Throughness (Durchlässigkeit): the flow of energy through the horse from front to back and back to front. The musculature of the horse is connected, supple, elastic, and unblocked, and the rider’s aids go freely through the horse.
Relaxation (Losgelassenheit): the second level of the pyramid is relaxation (looseness). Signs of looseness in the horse may be seen by an even stride that is swinging through the back and causing the tail to swing like a pendulum, looseness at the poll, a soft chewing of the bit, and a relaxed blowing through the nose. The horse makes smooth transitions, is easy to position from side to side, and willingly reaches down into the contact as the reins are lengthened.
Willow is pretty big, especially for a mare. I think she's very close to 17 hh. Additionally, she has a long back and a long neck. Her favorite thing to do when I first started her was this:
Long and low, baby! We are going to get tens on our stretchy circle! (And fours on everything else.)
Obviously, it took some work to get Willow up in front. And then once I got her to understand "up in front," it took even more work to get her to let me shorten the reins. (Her response? "You can have shorter reins. Or you can have me go forward. You can't have both.")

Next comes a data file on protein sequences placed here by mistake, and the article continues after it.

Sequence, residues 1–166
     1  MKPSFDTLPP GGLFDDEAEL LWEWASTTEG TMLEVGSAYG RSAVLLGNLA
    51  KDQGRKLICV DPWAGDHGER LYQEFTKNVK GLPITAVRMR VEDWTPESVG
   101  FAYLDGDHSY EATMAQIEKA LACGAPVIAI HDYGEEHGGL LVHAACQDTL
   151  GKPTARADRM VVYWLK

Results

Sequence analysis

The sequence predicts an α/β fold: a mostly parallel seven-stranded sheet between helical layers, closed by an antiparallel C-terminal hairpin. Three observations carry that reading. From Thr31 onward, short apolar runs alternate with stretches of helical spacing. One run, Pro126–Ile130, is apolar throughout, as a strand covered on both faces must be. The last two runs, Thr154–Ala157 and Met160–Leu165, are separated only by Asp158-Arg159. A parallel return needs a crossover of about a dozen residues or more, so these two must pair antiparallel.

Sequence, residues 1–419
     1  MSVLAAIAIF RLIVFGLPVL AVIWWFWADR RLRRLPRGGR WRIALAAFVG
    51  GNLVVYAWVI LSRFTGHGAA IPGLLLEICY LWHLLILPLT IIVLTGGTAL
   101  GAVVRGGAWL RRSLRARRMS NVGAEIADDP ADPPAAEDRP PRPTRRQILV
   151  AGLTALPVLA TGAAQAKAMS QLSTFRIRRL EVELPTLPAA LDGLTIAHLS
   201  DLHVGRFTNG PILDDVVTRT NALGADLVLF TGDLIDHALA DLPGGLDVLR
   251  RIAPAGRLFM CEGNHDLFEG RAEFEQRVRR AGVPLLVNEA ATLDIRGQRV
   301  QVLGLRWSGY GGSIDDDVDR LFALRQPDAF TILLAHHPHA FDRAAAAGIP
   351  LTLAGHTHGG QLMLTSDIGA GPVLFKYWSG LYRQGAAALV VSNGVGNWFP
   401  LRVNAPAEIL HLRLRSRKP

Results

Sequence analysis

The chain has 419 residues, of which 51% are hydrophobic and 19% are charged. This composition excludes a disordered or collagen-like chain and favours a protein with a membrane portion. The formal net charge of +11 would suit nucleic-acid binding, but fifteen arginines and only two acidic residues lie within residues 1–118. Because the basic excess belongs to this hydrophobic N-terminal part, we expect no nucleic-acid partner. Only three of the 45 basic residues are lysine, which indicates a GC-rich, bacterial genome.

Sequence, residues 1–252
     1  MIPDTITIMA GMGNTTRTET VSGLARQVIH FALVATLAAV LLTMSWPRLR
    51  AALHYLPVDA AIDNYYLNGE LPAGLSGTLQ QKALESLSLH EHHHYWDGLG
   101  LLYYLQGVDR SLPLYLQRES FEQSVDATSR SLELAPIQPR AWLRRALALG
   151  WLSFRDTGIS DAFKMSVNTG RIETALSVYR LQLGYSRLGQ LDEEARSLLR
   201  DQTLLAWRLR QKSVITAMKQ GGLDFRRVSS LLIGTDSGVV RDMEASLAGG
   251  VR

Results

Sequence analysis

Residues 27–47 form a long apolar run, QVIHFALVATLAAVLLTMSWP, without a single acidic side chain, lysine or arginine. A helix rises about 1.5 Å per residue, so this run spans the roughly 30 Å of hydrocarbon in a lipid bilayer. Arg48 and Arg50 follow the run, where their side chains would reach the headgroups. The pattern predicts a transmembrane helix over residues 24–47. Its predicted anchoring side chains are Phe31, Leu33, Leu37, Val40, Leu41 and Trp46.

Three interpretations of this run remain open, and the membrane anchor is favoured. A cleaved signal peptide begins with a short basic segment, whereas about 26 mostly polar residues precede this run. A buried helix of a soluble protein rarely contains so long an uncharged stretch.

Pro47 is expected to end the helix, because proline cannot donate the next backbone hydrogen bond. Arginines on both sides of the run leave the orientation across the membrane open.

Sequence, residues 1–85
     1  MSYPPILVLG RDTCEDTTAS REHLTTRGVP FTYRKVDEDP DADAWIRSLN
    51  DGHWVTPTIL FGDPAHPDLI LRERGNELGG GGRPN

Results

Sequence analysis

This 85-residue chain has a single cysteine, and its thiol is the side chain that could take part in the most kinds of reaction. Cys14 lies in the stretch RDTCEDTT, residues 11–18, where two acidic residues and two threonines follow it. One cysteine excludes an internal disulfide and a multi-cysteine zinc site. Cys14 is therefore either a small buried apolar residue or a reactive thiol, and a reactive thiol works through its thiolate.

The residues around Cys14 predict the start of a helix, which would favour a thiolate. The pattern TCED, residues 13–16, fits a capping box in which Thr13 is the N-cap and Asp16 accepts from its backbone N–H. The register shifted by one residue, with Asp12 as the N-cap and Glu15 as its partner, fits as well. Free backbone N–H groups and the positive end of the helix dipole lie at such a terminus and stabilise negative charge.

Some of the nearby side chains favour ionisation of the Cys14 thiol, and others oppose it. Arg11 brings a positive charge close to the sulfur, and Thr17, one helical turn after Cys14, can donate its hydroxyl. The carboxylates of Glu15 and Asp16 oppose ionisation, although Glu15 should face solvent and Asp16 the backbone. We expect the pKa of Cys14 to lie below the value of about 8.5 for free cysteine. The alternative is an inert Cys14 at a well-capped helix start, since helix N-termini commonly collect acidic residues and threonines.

So, in the past year, we've made a lot of progress. She's more up in front. She allows me to shorten the reins without losing the forward. She's no longer a mullet. But something was missing; something that I've always been able to get in every other horse I've worked with. Relaxation. Throughness. Letting go through the jaw, poll, and ribcage. I was having luck getting her to be softer and less heavy, but it still wasn't the right feeling. She wasn't through.
One afternoon about three weeks ago, I spent about 25 minutes warming Willow up in walk. I did lots of circles and serpentines. Suddenly, she just let go, and I felt it. Throughness. I took her up to trot and the feeling remained. I couldn't believe it. I have no idea what I did to cause it, but the light bulb went off for her. She started responding the way I've wanted her to respond for three years. She was balanced. She was bendy. She was light and soft, but still connected. She halted from my seat. She moved away from my leg. Hey, Willow, you're a dressage horse!
OK, I'll admit we still don't have this feeling in canter. But we have it, reliably, in walk and trot! Canter will come. I'm just so relieved to know she can do it, because I was starting to doubt I was ever going to get that feeling with her. I was saying to myself, well, she's just so big and long -- maybe through for Willow won't feel like through did for the other horses you've ridden. Now I know better. I can't wait to see what happens next!